WildBlue Communications is going after a $30 million slice of American Recovery and Reinvestment Act (ARRA) money to help subsidize satellite broadband connections for about 10,000 homes in Colorado and Wyoming and another 10,000 in Arizona that are out of reach of high-speed cable, fiber, and DSL lines.
About $15 million of that sum would go toward the Colorado/Wyoming effort, with the rest earmarked for the Arizona project.
Lisa Scalpone, WildBlue's SVP of business development, confirmed that the Greenwood Village, Colo.-based service provider has pledged to pitch in $8 million of its own money -- $4 million in Colorado/Wyoming and an equal amount for Arizona – toward the project in the form of "in-kind services" and actual dollars.
Under a revised, extended schedule put in place due to server slowdowns, those that are looking to nab a chunk of the broadband stimulus pile have until Monday, Aug. 24 to submit their applications. [Ed note: We hope you enjoy your work-filled, deadline-pressed weekend.] (See Recovery Problems.)
WildBlue's stimulus projects aims to provide satellite-connected speeds of 768 kbit/s (downstream) for $19.95 per month.
She said satellite broadband offers a good fit for underserved and unserved areas because it's readily available today. "But, to be honest, it's too expensive for some," Scalpone acknowledges.
Without any subsidized help, WildBlue's high-end "Pro" tier costs $79.95 per month for a service running 1.5 Mbit/s downstream and 256 kbit/s upstream. The "Select" tier (1 Mbit/s down by 200 kbit/s up) goes for $69.95 per month, while the low-end "Value" offering (512 kbit/s down by 128 kbit/s) runs almost $50 per month.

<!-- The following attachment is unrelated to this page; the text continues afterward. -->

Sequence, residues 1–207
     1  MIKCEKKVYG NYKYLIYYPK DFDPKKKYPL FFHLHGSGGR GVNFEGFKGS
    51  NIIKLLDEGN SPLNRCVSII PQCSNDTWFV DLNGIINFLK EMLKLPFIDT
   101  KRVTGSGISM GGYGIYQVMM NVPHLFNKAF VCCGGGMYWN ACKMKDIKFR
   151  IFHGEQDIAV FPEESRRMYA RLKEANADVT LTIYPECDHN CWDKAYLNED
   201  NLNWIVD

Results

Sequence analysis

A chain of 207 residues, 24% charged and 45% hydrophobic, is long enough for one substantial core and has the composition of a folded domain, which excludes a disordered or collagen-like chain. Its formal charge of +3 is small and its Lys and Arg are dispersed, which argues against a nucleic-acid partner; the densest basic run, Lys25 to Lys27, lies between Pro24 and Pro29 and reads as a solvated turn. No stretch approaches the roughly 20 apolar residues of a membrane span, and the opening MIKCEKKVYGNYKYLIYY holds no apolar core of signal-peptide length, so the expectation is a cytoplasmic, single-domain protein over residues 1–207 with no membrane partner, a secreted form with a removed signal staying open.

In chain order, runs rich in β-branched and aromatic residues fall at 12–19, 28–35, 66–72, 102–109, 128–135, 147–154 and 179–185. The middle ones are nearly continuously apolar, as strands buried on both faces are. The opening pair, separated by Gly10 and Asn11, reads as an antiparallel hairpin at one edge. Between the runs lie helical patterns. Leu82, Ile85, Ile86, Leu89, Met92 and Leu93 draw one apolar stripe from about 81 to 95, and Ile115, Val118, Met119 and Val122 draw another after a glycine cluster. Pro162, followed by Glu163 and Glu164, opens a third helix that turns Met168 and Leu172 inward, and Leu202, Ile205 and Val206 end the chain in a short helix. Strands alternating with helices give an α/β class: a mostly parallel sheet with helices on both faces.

This isn't the only project underway at WildBlue. Earlier this year, it announced intentions to gain funds for a nationwide satellite broadband service that will offer downstream speeds in the neighborhood of 18 Mbit/s. (See WildBlue Makes Stimulus Pitch .)
The company, which maintains there are 15 million homes and businesses in rural areas that qualify as unserved or underserved, has said it would cost about $300 million and three years to develop and launch WildBlue 3, the satellite that would power the faster offering. Although WildBlue is cash flow positive, it says it would need additional funds to put toward R&D and to help subsidize the requisite customer premises equipment (CPE). Scalpone says WildBlue has completed and filed its application for the next-gen project.
WildBlue, which bases its modems on some Docsis technologies from the cable world, has 400,000 customers, as the company announced this week.
— Jeff Baumgartner, Site Editor, Cable Digital News